Both Jester’s Crown Fern and Boston Fern thrive in specific growing conditions. Understanding these requirements can help encourage healthy growth and maintain the plants’ beauty.
For Jester’s Crown Fern, an aerated soil mix containing bark, coarse perlite, and peat moss is optimal for growth. For the Boston Fern, ensure you have a well-draining, moist, and rich soil mix.
Consistently moist soil without waterlogging is crucial for both Jester’s Crown Fern and Boston Fern. It is vital to avoid letting the soil dry out, as this can harm the planta>.
Jester’s Crown Fern prefers partial light, while Boston Ferns require bright, indirect light when grown indoors and must be sheltered from direct sun outdoors to prevent burning.
Temperature and Humidity
Both fern types appreciate a humid environment, with Boston Ferns thriving in humidity levels above 80%. Boston Ferns prefer temperatures between 65 and 75 F and struggle with extremes above 95 F and below 35 F. While Jester’s Crown Ferns may tolerate slightly different temperature ranges, maintaining a consistently warm and humid environment will benefit the overall health of both fern varieties.
Care and Maintenance
Jester Crown Ferns and Boston Ferns both benefit from regular pruning to maintain their health and appearance. Removing dead, yellowing, or damaged fronds will encourage new growth and help prevent diseases. When pruning, use clean, sharp scissors or pruning shears and make cuts near the base of the frond.
Both fern varieties require minimal fertilizing. For Jester Crown Ferns, a soil-based potting mix that is rich in peat will provide most of the necessary nutrients (Cellar Door Plants). Boston Ferns will benefit from a houseplant fertilizer applied at half strength every month from spring to early fall (Better Homes & Gardens).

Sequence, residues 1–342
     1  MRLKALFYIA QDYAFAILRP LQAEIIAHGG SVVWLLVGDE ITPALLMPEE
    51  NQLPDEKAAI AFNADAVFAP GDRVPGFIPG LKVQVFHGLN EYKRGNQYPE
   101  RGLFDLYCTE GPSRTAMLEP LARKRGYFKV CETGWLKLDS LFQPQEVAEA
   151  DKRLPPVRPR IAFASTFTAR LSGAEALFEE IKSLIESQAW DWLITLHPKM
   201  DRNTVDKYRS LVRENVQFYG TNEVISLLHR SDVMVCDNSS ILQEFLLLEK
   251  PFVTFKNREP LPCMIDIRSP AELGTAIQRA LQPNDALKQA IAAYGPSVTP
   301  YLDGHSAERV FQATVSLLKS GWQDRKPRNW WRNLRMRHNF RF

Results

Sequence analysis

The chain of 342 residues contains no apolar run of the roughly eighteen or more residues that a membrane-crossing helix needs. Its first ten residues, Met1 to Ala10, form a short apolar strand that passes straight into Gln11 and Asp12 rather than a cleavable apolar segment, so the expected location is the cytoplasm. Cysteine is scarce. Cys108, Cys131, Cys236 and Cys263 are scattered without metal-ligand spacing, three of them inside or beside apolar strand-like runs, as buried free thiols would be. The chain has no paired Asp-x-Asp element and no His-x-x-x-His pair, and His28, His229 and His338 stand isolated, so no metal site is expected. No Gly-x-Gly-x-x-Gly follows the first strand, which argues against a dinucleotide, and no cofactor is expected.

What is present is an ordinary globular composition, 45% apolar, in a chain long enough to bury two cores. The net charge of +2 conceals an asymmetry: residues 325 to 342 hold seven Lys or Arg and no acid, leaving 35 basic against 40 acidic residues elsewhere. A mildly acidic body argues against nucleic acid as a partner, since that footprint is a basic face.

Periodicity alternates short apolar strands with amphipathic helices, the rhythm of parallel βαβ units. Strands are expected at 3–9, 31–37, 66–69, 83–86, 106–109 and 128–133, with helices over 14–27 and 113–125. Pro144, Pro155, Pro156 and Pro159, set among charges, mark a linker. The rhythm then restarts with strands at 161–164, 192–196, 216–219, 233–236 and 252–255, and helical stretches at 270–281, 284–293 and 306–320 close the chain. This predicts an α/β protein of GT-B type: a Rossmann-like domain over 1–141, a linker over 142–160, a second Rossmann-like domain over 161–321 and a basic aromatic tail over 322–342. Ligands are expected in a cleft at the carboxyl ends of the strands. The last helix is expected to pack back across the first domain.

Pests and Diseases
Both fern types can be affected by common pests such as aphids, mealybugs, and spider mites. Regularly inspecting your ferns for signs of pests and treating them with appropriate insecticidal soaps or solutions can help keep infestations at bay. For diseases, maintaining proper watering practices and providing adequate air circulation around the plants can help prevent problems like fungal infections and root rot.
Keeping the humidity level high, similar to their natural habitat, is crucial for optimal growth and to deter pests. Inadequate humidity can cause the fronds to brown and become prone to pests. Both Jester Crown and Boston Ferns benefit from being placed near a tray of water, which will help maintain the humidity around the plants (Gardening Know How).
Uses and Benefits
Both Jester Crown Ferns and Boston Ferns are popular choices for indoor plants due to their unique beauty and air-purifying capabilities. They thrive in moist, high humidity environments, which makes them effective at removing moisture from the air and even some toxins (A-Z Animals). These ferns provide a lush, green touch to any space, boosting the visual appeal without demanding excessive care.
The Jester Crown Fern is a low-maintenance plant that can live for years with proper care, making it an excellent choice for beginners and experienced plant enthusiasts alike (Cellar Door Plants). On the other hand, Boston Ferns, though slower to grow and mature, are also appreciated for their easy care, with long arching stems of spring-green foliage that look stunning when allowed to cascade over the edges of a hanging container (Better Homes & Gardens).
In summary, both Jester Crown Ferns and Boston Ferns offer several benefits, including air purification, humidity control, and aesthetic appeal. Their low-maintenance nature and adaptability to indoor environments make them an excellent choice for enhancing living spaces with a touch of natural beauty.
My name is Daniel Elrod, and I have been houseplant love ever since I was 17. I love how much joy they bring to any room in the home. I’ve always been amazed at how a few pots of flowing leaves can turn a drab and sterile office into an inviting place where people love to work at.